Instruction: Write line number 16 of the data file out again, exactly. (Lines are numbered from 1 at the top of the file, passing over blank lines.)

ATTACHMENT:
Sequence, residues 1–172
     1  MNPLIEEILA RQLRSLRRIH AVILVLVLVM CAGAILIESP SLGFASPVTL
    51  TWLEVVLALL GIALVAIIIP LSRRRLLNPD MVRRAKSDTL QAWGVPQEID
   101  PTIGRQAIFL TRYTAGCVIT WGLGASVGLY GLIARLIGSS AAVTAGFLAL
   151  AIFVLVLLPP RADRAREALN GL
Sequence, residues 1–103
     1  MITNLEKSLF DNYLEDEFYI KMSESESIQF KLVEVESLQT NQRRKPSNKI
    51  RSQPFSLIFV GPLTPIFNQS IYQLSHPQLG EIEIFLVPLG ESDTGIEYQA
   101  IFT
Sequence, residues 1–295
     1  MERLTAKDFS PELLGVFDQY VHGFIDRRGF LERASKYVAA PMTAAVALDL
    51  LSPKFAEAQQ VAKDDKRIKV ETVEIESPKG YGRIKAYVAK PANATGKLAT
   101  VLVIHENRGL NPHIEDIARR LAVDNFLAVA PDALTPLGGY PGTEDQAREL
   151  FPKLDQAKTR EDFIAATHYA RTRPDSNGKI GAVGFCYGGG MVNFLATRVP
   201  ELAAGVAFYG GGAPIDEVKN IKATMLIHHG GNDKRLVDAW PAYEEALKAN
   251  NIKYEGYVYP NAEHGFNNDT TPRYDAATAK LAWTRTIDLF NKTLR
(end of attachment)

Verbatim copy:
   251  NIKYEGYVYP NAEHGFNNDT TPRYDAATAK LAWTRTIDLF NKTLR